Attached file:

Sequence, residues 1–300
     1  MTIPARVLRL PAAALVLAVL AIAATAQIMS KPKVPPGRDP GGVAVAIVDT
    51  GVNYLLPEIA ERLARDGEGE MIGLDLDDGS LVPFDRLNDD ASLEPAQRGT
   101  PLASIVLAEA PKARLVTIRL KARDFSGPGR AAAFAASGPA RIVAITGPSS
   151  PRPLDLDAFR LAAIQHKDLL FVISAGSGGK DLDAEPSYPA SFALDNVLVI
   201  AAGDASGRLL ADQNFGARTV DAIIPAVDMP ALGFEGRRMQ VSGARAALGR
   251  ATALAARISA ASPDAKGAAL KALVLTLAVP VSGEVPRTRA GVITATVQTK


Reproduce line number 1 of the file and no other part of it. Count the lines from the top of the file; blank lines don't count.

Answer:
Sequence, residues 1–300